Rejection letters are part of the publishing business. All writers get them. Even J.K. Rowling received many rejection letters for the first Harry Potter book, and L. Frank Baum received several rejection slips for Wizard of OZ. It’s also the hard part of the business. It hurts to have something you worked very hard on denied, but it’s what you do with the rejection that counts. You either give up or push forward.

Ant Press replied to my manuscript on Friday morning. They sent me a glowing rejection slip. How can a person get a glowing rejection slip? Well, they had a lot of good things to say about my memoir. It just didn’t fit their market.

Here is a section from the rejection letter that puts a smile on my face.

“You write very well, and you’ll be glad to know that we found a lot to like about your story. You have an engaging ‘voice’ which will make your readers warm to you. Your confident use of dialogue to move the story along is commendable, too. Few writers understand how important it is to use plenty of dialogue, but you have grasped that. You write very directly without bogging us down with unnecessary flowery language, which makes your book easy to read. We liked your use of fragmented sentences to create drama and we enjoyed the inclusion of your thoughts.

“There is no question that your themes will resonate with many. The troubled childhood, the bullying and abuse you have suffered and the despair you felt. The garage escape and the discovery of the power of writing: ‘As my pen raced across the paper recording a fanciful daydream, I felt my soul pour down through my fingers.’ are all touchingly described and poignant.”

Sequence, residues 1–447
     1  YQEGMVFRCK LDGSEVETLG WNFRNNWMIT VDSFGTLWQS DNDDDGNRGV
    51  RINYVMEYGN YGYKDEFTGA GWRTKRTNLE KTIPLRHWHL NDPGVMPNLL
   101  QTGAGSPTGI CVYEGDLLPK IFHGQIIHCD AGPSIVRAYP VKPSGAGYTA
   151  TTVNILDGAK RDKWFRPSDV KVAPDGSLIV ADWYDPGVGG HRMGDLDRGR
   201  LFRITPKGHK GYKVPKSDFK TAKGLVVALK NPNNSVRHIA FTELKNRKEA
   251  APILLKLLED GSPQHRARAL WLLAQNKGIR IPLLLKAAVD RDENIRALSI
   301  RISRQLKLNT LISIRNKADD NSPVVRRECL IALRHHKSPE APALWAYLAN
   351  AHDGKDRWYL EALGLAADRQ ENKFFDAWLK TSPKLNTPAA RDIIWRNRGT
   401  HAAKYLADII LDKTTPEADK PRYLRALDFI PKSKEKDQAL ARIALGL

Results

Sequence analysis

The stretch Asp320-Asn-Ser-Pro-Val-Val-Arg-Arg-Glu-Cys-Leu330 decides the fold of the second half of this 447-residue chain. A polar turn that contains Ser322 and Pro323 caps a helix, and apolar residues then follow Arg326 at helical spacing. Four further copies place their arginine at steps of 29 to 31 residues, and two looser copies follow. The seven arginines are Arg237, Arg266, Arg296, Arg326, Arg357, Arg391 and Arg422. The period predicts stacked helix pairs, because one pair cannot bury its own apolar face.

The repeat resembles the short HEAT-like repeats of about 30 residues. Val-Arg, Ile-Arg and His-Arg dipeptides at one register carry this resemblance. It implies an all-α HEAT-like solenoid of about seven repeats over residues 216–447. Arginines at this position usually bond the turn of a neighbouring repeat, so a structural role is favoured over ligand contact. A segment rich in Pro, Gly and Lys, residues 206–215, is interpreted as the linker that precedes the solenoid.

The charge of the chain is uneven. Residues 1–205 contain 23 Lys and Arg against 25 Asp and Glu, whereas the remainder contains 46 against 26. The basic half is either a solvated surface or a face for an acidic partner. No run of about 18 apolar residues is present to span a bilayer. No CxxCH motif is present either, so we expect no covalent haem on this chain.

This tells me my manuscript is good and it’s not bad writing that got me a denial. I celebrated the positive, but I still felt like I got kicked in the stomach. I have been submitting short stories and essays since I was in high school. I have a box of rejection letters. I should be used to it, right? No matter how many times you get rejected, it doesn’t get easier. It’s one of the hardest parts of being an author.

I had my hopes high. I figured Ant Press would be the one to publish my memoir since their specialty is memoir. When they requested the full manuscript, I was sure they would love my manuscript and offer me a contract. I didn’t do much research into other publishers because I was confident I would get a yes, even though I know that most writers do not get accepted with the first submission. I bragged to everyone that my book was going to get published. I was flying high.

For a week I checked my email several times a day, hoping for an answer. Then on Friday there was the answer. As I read, “Sadly, we don’t feel we can offer you an Ant Press contract for Escape to the Family Garage,” I dropped from my high like a plane spiraling out of control. Tears threatened to fall, but I fought to stop them. My whole world crumbled. I wanted to cry, to scream and crawl back in bed, but I couldn’t. I had to prepare to go to work.